Dec. 2: 94th Annual Meeting of the American Meteorlogical Society (USA)
Dec. 20: International Conference on Atmospheric Dust (Italy)

Conference organizers — be sure to add your conference to our conference calendar.

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LATEST NEWS


National Research Council Decadal Survey of Ocean Sciences (DSOS 2015)
National Research Council
The purpose of this decadal study, sponsored by the NSF, is to "develop a list of the top ocean science priorities for the next decade in the context of the current state of knowledge, ongoing research activities, and resource availability. The DSOS committee's report will present a compelling research strategy for increased understanding of the oceans over the decade 2015-2025."

The DSOS committee feels strongly that this report must be informed by broad and thoughtful community input from across the entire spectrum of ocean sciences. One of the ways we are soliciting community input is through a Virtual Town Hall: http://nas-sites.org/dsos2015/. The site provides more detailed information on the statement of task, as well as a complete list of the DSOS committee members. Please go to the website and contribute your comments regarding the top ocean science priorities for the next decade. Thank you!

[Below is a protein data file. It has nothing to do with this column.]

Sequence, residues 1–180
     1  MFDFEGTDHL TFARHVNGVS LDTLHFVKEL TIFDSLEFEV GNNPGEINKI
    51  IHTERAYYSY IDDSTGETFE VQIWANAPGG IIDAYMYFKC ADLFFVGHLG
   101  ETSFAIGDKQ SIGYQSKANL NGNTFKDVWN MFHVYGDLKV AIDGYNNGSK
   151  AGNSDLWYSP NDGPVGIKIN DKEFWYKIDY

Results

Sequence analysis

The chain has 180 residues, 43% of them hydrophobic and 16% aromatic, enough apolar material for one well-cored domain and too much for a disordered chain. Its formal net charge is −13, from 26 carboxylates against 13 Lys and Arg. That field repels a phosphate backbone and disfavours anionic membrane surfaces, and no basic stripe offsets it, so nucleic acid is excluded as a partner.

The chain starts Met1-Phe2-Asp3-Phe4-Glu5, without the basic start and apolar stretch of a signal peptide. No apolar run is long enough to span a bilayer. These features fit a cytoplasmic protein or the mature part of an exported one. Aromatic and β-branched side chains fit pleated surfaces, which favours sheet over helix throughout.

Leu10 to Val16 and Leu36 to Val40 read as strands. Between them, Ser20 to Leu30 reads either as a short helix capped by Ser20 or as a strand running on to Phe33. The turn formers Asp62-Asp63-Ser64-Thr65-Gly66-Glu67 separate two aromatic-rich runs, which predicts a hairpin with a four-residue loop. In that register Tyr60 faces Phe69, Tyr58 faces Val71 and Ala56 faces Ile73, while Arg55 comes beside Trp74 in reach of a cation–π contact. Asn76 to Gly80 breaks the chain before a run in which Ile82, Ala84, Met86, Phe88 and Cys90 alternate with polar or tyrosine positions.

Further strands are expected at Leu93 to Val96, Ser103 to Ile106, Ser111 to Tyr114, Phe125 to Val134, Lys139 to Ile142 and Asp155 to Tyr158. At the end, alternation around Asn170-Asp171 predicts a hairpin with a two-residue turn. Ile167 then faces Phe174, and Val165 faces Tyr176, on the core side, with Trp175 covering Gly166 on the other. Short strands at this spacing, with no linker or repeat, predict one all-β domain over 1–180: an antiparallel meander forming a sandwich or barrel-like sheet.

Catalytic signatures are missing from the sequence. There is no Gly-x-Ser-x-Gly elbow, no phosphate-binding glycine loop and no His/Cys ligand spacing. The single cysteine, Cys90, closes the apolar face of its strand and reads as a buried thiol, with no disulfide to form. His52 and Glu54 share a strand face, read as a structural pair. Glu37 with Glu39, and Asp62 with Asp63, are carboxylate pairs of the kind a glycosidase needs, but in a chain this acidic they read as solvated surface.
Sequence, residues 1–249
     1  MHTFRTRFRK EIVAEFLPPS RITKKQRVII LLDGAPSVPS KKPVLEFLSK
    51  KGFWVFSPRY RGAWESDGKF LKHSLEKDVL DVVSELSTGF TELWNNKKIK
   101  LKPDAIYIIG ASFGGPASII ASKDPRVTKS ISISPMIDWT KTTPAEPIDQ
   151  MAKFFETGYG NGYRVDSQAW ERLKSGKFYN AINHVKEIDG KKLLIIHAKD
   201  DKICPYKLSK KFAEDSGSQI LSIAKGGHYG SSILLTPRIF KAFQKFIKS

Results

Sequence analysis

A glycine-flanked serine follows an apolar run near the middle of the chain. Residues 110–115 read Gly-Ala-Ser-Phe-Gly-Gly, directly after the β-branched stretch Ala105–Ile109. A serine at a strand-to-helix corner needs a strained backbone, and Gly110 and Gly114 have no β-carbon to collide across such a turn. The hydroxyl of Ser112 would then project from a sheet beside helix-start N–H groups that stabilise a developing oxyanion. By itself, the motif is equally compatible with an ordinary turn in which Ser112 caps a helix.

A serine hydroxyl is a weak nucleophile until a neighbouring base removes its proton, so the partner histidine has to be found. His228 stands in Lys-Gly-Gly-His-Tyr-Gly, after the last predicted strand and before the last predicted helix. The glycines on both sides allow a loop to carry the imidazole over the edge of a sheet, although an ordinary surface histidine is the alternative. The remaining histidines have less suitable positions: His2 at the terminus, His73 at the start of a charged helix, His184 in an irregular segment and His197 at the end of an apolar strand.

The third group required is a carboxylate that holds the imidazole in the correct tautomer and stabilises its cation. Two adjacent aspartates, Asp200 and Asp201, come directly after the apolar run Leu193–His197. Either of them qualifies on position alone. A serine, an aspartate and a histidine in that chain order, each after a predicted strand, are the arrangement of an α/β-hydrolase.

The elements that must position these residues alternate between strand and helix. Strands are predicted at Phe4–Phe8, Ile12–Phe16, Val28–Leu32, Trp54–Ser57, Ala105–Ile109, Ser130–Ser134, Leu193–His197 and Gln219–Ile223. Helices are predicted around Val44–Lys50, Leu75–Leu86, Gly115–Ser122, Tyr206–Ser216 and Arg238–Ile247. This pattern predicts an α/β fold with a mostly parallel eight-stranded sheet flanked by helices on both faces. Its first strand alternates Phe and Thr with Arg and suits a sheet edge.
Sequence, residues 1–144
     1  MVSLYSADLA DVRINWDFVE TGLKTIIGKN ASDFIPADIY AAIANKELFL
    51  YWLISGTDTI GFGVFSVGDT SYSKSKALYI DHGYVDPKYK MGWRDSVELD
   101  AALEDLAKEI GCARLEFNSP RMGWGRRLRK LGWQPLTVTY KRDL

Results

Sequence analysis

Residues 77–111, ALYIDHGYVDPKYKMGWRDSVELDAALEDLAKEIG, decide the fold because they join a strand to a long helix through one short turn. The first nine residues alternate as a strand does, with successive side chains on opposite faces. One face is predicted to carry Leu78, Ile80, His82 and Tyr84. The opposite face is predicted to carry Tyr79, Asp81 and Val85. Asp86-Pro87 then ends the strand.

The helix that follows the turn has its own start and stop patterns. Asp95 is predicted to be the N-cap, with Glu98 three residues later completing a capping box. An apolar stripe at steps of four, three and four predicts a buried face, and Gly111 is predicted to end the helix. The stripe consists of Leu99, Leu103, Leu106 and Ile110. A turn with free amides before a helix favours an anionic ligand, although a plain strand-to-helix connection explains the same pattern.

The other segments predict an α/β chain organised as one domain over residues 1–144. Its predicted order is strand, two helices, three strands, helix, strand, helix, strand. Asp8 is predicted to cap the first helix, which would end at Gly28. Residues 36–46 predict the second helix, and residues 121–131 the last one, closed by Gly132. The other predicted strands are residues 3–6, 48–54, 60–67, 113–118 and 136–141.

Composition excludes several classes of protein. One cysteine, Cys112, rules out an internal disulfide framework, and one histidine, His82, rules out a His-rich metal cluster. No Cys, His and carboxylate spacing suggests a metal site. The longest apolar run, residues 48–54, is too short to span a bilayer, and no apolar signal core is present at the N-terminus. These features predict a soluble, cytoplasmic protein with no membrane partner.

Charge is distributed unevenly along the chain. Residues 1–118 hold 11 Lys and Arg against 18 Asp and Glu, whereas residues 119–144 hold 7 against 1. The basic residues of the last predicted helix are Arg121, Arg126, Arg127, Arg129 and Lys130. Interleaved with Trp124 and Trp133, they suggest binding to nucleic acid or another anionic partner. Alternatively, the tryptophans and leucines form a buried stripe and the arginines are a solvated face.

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Evidence of 3.5-billion-year-old bacterial ecosystems found in Australia
ScienceDaily
Reconstructing the rise of life during the period of Earth's history when it first evolved is challenging. Earth's oldest sedimentary rocks are not only rare, but also almost always altered by hydrothermal and tectonic activity. A new study from a team including Carnegie's Nora Noffke, a visiting investigator, and Robert Hazen revealed the well-preserved remnants of a complex ecosystem in a nearly 3.5 billion-year-old sedimentary rock sequence in Australia.
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Meteorite impacts capture time capsules of the ecosystems they destroy
Ars Technica
Meteorite impacts can be very destructive. A meteorite that fell in Mexico around 66 million years ago created a 180 km crater and caused the extinction of non-avian dinosaurs while spewing debris and molten rock into the air. Now, in what is a fascinating tale of serendipity, researchers have found that these events don’t entirely destroy all traces of life at the site of impact. Molten rocks can capture and preserve organic matter as they cool down to form glass beads.
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3-D-printed fossils and rocks could transform geology
LiveScience via Fox News
Whether they're cracking open rocks or scanning tiny changes in topography, geologists already work in three dimensions. But one of the most popular attractions at the Geological Society of America's annual meeting in Denver was a 3-D printer spitting out fossils, globes and fractured rocks.